Maria Grazia Chiuri has slapped a complete counter-reading of the received legend of what the world believes Christian Dior was like in with her new pre-fall collection. “Even I had stereotypes [about Dior] when I came into the house,” she says. “But it’s a simplification of his work.” It’s a bit of a surprise: instead of an excursion into romance and fragility, she’s lined up a gang of young women layered in punkish tartans, biker shorts, jackets, and ties, and rebellious takes on school uniforms.
Chiuri described how her thought process was triggered by looking afresh at Dior’s close relationships with the women around him. One was the huge influence of his heroic sister Catherine, whose little-known life as a member of the French resistance has been carefully and shockingly documented by Justine Picardie in her new book Miss Dior. “She was a brave and unconventional woman,” Chiuri says. Others include the strong-minded characters who helped him build his house: the flamboyant, eccentric Mitzah Bricard, a lover of leopard spot; Suzanne Luling, his press officer and childhood friend; and Madame Raymonde Zehnacker, director of the Dior design studio.
Chiuri’s research into the archive—even the evidence of the variety of silhouettes she says she’s observed there—served her with quite a different take on the histories that were written about Christian Dior after his death in 1957. Those histories tend to paint him as the lone genius who put women into the corseted, escapist dresses that revolutionised fashion with his 1947 New Look. “The truth is that the house of Christian Dior was a community of men and women—together.”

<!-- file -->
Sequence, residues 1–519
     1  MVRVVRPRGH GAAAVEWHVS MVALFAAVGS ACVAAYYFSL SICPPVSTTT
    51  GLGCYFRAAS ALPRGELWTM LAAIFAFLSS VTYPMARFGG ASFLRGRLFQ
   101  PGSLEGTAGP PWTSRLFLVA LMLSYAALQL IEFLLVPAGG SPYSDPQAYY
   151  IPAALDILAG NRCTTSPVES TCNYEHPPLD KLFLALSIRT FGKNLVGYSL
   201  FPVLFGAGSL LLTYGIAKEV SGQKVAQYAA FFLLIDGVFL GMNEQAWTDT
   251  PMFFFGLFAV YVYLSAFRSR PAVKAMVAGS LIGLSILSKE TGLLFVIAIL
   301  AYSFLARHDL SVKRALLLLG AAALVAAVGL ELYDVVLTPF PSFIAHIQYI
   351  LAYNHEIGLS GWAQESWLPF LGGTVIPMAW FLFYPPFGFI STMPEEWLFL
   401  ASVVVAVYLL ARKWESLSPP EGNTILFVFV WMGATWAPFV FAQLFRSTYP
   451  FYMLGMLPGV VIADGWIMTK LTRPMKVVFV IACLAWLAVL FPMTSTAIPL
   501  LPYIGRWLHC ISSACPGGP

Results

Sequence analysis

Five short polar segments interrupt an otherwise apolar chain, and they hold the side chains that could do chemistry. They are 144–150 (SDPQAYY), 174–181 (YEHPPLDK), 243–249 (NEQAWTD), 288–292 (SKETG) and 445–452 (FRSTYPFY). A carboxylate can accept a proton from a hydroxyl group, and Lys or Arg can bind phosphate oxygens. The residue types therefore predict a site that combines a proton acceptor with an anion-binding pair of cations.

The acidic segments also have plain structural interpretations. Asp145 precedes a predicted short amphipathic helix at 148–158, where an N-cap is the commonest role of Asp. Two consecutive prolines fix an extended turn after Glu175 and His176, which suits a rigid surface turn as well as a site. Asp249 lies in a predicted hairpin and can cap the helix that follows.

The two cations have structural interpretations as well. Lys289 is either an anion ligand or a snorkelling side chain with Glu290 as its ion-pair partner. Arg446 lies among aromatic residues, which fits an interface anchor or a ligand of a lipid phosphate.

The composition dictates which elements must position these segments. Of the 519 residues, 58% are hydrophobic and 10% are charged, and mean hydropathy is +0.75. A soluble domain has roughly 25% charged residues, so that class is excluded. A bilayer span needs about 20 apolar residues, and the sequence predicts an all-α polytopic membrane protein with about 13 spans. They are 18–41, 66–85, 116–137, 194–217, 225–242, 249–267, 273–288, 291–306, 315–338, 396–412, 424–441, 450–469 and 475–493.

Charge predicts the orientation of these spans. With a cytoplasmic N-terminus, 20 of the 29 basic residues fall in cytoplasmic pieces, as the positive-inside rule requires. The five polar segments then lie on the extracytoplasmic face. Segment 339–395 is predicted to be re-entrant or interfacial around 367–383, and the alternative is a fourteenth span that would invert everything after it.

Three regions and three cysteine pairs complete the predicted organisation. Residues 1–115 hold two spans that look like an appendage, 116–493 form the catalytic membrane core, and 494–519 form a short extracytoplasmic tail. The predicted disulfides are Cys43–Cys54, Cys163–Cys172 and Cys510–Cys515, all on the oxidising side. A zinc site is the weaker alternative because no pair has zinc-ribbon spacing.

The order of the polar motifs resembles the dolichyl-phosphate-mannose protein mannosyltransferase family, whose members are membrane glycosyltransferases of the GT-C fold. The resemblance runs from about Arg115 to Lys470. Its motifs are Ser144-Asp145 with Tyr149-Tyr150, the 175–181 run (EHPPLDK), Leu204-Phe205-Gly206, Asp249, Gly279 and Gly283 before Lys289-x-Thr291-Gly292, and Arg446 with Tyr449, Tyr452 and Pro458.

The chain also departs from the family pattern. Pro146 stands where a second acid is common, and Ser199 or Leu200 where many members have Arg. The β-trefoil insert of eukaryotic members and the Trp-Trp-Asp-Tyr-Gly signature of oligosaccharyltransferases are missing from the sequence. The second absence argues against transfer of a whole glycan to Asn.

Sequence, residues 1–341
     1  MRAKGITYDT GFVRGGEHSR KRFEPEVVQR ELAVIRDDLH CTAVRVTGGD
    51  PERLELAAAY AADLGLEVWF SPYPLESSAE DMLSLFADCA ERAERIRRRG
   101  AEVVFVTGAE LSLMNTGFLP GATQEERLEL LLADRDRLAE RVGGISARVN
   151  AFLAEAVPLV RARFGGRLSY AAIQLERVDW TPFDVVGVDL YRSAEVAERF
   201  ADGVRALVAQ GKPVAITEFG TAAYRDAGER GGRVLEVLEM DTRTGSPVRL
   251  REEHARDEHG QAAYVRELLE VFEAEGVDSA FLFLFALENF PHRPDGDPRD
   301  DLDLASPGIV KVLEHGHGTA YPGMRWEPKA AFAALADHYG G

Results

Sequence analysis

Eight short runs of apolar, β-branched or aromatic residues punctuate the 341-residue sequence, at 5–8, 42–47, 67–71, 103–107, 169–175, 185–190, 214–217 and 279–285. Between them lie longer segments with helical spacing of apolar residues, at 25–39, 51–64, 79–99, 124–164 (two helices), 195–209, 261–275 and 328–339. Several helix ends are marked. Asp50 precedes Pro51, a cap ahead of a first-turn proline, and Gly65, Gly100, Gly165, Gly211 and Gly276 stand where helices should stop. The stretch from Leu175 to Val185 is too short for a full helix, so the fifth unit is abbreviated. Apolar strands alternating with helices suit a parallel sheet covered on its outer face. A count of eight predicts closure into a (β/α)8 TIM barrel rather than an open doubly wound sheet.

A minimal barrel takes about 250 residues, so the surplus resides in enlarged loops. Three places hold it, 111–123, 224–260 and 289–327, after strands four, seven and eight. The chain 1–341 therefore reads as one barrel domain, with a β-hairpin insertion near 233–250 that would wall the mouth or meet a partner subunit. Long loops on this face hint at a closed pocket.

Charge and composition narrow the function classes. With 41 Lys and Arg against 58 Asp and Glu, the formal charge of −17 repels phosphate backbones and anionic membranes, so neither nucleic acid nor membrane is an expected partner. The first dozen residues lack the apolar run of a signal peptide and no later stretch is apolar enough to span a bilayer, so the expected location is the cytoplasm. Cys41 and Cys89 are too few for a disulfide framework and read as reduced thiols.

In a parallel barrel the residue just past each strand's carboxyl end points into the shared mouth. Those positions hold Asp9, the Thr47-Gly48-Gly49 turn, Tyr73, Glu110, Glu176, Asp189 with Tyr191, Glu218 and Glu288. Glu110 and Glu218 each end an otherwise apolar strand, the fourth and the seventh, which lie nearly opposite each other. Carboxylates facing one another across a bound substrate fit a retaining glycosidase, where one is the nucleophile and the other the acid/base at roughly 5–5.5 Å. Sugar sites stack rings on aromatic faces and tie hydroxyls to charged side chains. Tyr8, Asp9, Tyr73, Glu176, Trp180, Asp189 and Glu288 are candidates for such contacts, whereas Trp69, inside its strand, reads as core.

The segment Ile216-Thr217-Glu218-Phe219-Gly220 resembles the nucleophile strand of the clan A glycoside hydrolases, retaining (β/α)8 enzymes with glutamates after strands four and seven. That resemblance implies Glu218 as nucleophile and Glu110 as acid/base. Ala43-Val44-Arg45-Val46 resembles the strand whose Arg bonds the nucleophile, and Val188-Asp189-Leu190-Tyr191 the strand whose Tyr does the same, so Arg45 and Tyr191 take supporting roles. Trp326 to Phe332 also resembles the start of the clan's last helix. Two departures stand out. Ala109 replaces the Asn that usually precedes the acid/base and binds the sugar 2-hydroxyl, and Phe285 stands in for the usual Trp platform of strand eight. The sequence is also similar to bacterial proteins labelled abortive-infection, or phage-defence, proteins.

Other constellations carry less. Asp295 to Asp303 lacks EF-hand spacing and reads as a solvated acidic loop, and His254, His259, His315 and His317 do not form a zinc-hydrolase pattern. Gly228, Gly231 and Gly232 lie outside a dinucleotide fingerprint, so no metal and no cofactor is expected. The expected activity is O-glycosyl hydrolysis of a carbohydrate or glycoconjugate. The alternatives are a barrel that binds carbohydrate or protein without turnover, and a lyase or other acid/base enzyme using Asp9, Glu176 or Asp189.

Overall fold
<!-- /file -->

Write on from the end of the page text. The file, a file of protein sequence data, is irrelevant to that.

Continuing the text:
“The first thing that put me on alert was reading his autobiographyDior and I,” Chiuri says. His voice seemed to hint at a far more nuanced narrative than the monolithic mythologising that was built into the posthumous story. “He could do severe, gray tailoring or the Miss Dior couture dress that was full of flowers. Contradiction is part of the beauty of fashion.”
Of course, the search for contemporary relevance—the task that every Christian Dior creative director takes up, season in, season out—all this depends on who’s looking, and when. What Chiuri has built her reputation on is looking for threads of sisterhood (a theme which literally became the woven backdrop to her last haute couture collection), and opportunities for feminist t-shirt messaging for Gen Z-ers.
This time—chiming amongst androgynous, sporty pieces—the slogan of the season is from Simone de Beauvoir: “Femininity is a trap.” It turns out to be a headline from an article she wrote for Vogue in March 1947. Amazing to think: our great-grandmothers read it here first.
This article was originally published on Vogue.com